determining each backward progressing client that will access said data buffer in said service cycle,
determining a client offset for each backward progressing client that will access said data buffer in said service cycle,
determining a data block offset for said data buffer that will be accessed by each of said backward progressing clients,
comparing said client offset to said data block offset, and
producing a backward progressing client value for each of said backward progressing clients by taking a ratio of said comparisons with a rate of said backward progressing client.
4. A method of allocating data buffers comprising the steps of:
determining a distance value for each client which accessed each of said data buffers,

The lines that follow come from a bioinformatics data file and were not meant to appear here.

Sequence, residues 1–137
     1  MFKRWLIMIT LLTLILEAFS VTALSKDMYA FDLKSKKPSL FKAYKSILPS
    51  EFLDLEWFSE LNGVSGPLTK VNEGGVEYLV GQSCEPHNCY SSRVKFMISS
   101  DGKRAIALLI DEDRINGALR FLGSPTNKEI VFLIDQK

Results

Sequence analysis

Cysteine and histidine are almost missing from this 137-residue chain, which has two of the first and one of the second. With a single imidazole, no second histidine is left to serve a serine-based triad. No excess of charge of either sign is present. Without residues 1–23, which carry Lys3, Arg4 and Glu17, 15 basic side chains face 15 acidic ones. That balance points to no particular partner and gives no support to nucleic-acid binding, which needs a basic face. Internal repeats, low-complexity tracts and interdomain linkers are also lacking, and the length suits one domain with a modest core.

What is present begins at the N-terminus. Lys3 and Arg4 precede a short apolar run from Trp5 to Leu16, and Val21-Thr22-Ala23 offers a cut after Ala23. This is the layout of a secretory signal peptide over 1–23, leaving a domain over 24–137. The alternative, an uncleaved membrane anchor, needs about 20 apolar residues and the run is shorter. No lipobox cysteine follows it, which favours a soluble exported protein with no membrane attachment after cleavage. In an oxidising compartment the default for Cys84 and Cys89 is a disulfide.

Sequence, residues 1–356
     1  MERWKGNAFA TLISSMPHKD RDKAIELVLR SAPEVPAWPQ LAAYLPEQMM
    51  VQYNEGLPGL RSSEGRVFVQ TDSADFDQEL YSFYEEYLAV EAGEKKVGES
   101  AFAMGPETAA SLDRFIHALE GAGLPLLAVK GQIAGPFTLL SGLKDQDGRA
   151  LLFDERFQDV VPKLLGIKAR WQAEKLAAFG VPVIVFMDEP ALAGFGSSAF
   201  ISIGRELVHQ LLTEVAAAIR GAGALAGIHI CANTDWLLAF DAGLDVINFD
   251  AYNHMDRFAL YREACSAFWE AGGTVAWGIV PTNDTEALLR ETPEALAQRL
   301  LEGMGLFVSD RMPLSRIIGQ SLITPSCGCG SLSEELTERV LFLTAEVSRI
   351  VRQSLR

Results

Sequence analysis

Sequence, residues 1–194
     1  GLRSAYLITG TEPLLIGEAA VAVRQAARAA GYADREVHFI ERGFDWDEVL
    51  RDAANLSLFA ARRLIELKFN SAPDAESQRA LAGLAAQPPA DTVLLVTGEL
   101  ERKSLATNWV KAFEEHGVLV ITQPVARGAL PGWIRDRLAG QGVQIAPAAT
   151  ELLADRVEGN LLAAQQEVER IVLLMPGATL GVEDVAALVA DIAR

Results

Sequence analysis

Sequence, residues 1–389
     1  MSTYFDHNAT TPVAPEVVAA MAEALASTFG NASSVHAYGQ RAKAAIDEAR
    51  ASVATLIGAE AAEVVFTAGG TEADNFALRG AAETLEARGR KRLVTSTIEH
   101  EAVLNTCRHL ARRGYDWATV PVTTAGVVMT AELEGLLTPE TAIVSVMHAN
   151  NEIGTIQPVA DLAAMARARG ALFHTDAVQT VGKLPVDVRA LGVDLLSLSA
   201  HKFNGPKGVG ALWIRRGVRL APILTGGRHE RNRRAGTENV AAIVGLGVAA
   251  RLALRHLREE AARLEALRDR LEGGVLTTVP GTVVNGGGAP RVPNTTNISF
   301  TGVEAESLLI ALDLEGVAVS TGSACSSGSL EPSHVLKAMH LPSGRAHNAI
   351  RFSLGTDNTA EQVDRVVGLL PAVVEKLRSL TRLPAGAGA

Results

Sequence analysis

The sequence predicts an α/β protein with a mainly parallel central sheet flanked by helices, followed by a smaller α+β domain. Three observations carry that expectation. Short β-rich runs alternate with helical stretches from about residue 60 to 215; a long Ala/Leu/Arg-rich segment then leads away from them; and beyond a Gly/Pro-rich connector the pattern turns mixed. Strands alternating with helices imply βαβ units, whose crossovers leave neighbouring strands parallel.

ordering said data buffers accessed by said client based on said distance value, and
allocating said data buffers accessed by said client based on said distance value,
wherein said distance value is determined by:
determining a client offset of a first client that has accessed a data block,
determining a client offset of a next client that will access said data block,
comparing said client offset of said first client with said second client, thereby producing a comparison value, and
taking a ratio of said comparison value and a rate of said next client thereby producing said distance value.
5. A method of allocating buffers comprising the steps of:
(a) selecting a first client,
(b) determining a buffer that the first client has accessed last,
(c) determining a next client that will access said buffer,
(d) determining a client offset of said first client,
(e) determining a client offset of said next client,